Binding interaction of the modified AuNPs–TBAs and AuSPIONs–TBAs with α-thrombin was carried out in phosphate buffer with additional K+ at 25 °C. As expected, the UV spectrum for TBA1 and TBA2 anchored to AuNPs or AuSPIONs showed a maximum of absorption at 520 nm before incubation with α-thrombin (Figure 3). This maximum was displaced to higher wavelengths in a continuous way when α-thrombin was added, until reaching stabilization (30 nm). The UV spectra of these titrations are shown in Figure S3 (ESI).
These results confirmed that α-thrombin was interacting with both TBA1 and TBA2, creating a NP network formed by the binding of thrombin to both TBA1 and TBA2 sequences. In addition, the formation of this network of interactions between α-thrombin and TBAs is not affected by the nature of the nanoparticles, as both AuNPs and AuSPIONs showed the same response with a detection limit in the 125 to 250 picomolar range.
In contrast, the interaction between α-thrombin and the mixture of O6-MeG-TBA1 and TBA2 anchored to the two types of nanoparticles (AuNPs or AuSPIONs) was evidently smaller. As it can be seen in Figure 3b,d, at equal concentrations of α-thrombin the maximum of absorption was not changed in AuNPs (Figure 3b) or slightly displaced in Au SPIONs (Figure 3d). This small difference in the displacement rate observed in Au SPIONs (less than 10 nm) can be explained by the only interaction of AuNPs–TBA2 or AuSPIONs–TBA2 with α-thrombin. These observations proved that α-thrombin was not able to form the network with the same performance as in the case of the unmodified TBAs, and that its KD is much higher when one guanine in the central tetrad of the TBA sequence is modified with a methyl group in the O6 position. This simple modification prevents the formation of its quadruplex structure, and for this reason, it cannot be recognized by α-thrombin. Moreover, when we forced the concentration of α-thrombin versus TBAs (molar ratio 4:1), we could observe a small displacement of the maximum in the UV spectrum of the mixture containing the methylG-TBA1 conjugated with both types of NPs. This effect could be due to the formation of small clusters, even if in a reduced way if compared to the non-methylated mixture of TBAs (10 nm for AuSPIONs and 15 nm for AuNPs). As the protein itself is able to recognize the sequence of methylated TBA and force it to fold in its quadruplex structure suitable for the binding , we presume that the methylated sequence is also recognized as a result of the excess of protein in the mixture. It is interesting to note that α-thrombin attempts to fold it and this may result in some degree of binding.
UV seems a proper and simple way to measure the interaction between α-thrombin and the TBAs nanoparticles, as the change can be visualized within a direct step and it is not cost nor time consuming. This result confirmed that macromolecular aggregation processes can be studied indistinguishably by these two types of nanoparticles, demonstrating that the gold coating maintains the chemical and optical properties of gold itself.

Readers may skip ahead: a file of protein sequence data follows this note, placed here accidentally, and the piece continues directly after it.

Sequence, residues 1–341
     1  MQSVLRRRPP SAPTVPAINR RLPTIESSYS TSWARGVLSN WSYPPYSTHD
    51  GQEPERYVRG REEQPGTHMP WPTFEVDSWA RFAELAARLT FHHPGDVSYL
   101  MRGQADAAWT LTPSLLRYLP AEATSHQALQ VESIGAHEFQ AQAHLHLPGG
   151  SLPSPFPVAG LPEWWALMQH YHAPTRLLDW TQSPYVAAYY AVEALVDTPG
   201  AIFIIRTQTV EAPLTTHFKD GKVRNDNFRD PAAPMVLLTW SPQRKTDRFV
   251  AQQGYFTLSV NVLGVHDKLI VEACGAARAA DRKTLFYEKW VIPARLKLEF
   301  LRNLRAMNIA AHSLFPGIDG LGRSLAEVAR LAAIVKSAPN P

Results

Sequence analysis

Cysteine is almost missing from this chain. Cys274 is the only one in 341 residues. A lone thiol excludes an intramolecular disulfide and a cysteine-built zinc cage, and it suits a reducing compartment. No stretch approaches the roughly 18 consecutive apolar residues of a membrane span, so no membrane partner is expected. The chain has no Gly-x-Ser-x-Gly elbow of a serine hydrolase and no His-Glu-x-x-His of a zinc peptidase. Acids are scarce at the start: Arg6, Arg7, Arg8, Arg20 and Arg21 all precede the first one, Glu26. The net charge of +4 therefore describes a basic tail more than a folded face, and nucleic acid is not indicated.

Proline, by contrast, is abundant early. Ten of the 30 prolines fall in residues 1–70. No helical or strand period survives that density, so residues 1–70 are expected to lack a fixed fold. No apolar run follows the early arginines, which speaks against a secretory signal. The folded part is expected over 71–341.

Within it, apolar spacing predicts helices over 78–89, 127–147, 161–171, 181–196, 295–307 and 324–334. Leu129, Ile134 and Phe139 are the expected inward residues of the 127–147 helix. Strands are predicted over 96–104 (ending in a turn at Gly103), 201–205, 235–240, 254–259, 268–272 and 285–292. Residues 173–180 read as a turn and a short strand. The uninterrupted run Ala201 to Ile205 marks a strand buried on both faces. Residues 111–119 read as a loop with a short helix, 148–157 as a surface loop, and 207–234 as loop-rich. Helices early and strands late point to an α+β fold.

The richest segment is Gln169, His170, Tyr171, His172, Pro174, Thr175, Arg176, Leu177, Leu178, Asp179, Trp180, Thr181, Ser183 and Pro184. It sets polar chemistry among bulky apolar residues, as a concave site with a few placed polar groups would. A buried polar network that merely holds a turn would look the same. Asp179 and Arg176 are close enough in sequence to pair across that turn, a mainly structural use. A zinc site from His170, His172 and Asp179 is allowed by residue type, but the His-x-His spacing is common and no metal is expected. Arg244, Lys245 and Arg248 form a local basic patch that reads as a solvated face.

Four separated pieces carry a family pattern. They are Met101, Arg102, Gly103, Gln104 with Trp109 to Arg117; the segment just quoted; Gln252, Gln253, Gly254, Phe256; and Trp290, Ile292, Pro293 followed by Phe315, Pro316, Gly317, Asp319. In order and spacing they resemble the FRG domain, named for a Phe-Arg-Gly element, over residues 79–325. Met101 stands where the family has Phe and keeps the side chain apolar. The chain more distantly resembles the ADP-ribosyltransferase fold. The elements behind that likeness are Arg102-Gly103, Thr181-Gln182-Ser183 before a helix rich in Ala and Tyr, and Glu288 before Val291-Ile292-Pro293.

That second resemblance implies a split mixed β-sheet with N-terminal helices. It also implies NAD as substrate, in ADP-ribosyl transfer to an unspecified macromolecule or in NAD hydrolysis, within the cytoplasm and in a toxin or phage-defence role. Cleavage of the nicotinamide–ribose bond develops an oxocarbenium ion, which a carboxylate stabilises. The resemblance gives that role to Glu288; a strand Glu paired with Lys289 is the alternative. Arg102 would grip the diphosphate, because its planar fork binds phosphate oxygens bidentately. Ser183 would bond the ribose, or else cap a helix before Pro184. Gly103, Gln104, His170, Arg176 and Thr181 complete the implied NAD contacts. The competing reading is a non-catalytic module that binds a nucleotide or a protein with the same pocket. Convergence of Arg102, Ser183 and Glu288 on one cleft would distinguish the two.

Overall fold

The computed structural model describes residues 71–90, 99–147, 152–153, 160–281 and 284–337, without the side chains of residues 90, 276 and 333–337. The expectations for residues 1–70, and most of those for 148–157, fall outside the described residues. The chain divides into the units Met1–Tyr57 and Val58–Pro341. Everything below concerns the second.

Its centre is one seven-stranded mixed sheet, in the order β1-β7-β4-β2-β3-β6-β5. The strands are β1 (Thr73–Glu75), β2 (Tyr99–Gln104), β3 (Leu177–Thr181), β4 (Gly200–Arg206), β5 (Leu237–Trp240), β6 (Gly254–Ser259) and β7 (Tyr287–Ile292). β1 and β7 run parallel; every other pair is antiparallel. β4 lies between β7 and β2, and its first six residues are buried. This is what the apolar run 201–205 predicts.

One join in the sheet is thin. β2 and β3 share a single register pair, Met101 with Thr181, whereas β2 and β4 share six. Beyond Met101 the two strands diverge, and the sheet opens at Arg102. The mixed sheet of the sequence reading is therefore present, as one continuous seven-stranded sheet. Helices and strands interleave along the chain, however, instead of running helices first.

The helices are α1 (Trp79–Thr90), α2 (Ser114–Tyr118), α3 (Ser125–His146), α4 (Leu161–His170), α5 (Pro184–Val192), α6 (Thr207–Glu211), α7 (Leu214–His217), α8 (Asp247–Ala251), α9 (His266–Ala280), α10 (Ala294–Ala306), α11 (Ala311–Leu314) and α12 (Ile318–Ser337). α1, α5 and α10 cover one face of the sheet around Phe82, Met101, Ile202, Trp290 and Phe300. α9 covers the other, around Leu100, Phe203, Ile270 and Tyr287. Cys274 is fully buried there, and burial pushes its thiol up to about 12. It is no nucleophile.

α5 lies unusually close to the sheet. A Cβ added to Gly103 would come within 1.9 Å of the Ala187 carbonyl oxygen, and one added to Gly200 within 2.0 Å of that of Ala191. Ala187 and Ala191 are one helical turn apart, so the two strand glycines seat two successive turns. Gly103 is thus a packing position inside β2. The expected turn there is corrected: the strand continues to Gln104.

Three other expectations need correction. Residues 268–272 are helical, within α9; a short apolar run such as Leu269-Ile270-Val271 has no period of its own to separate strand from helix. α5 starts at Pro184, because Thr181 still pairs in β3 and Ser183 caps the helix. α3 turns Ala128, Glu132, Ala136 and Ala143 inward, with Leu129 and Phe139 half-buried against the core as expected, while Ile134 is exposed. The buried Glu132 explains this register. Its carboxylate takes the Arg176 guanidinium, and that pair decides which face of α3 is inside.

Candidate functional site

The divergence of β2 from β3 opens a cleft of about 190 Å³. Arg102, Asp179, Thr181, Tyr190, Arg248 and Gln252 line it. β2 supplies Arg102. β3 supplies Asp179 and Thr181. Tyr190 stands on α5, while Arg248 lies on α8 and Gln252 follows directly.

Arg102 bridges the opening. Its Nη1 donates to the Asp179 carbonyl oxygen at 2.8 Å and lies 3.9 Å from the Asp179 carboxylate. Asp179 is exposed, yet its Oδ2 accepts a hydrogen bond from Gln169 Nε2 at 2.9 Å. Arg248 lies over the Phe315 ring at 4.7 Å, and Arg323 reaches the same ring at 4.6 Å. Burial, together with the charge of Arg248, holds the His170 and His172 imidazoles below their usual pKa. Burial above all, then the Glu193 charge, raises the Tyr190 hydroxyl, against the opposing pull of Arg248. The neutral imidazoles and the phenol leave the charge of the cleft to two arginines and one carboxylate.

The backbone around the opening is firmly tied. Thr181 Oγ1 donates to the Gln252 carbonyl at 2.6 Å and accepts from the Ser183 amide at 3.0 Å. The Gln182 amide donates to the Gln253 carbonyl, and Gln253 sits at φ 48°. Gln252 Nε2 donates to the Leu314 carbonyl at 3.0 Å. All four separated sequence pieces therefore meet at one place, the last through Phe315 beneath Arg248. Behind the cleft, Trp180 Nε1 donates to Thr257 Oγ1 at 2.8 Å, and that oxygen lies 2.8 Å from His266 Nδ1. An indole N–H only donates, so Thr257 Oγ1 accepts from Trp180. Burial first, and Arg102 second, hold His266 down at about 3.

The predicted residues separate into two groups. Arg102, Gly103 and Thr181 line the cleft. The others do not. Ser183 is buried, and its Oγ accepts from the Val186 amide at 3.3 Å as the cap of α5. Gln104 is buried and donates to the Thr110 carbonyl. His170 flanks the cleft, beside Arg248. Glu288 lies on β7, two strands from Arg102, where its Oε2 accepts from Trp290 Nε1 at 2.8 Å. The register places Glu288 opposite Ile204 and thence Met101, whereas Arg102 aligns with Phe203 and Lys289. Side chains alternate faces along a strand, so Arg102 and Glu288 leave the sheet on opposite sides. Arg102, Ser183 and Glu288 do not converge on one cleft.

2.4. DLS Study of the Complex Formation between α-Thrombin and NPs-TBAs
The study of the complex formation between the three types of NPs–TBAs and α-thrombin by dynamic light scattering was carried out in phosphate buffer with additional K+ at 25 °C. Figure 4 and Table 2 show the particle size distribution for the mixture of the different types of TBAs nanoparticles with and without α-thrombin. Particle size analysis was performed after the addition of α-thrombin into a mixture of TBA1 and TBA2 anchored to the three different types of nanoparticles (AuNPs, SPIONs and AuSPIONs). In all three cases the average diameter of the nanoparticles immediately increased by 25-, 21.5- and 7-fold (see Table 2). Even if a small polydispersity is observed in the initial state of the mixture with AuSPION, we can clearly detect the formation of the α-thrombin-TBAs network with a detection limit of 50 pmols of DNA No precipitation was observed at these complexes concentration during the measurements. Similar results were observed for the SPIONs independently of the linker used for the functionalization.
|Nanoparticles Type||Without α-Thrombin HD (nm)||With α-Thrombin HD (nm)|
|AuNPs||TBA1 & TBA2||38 ± 5||947 ± 283|
|O6-MeG-TBA1 & TBA2||38 ± 5||56 ± 7|
|SPIONs||TBA1 & TBA2||36 ± 5||781 ± 185|
|O6-MeG-TBA1 & TBA2||39.5 ± 11||39.5 ± 11|
|AuSPIONs||TBA1 & TBA2||91 ± 25||633 ± 225|
|O6-MeG-TBA1 & TBA2||91 ± 25||109 ± 34|
In contrast, the interaction between equal concentrations of α-thrombin with the mixture of each one of the three types of O6-MeG-TBA1 and TBA2 nanoparticles was inexistent or clearly smaller (see Table 2). These observations indicate that α-thrombin was not able to form the network with the same efficiency when the TBA1 was substituted by methylated TBA1, and thus the particle size average remained similar. In these cases, the interaction between NPs–TBA2 and α-thrombin was not identified. We presume that this may be due to the small variation in the size of the nanoparticles, which is too low to be observed by DLS.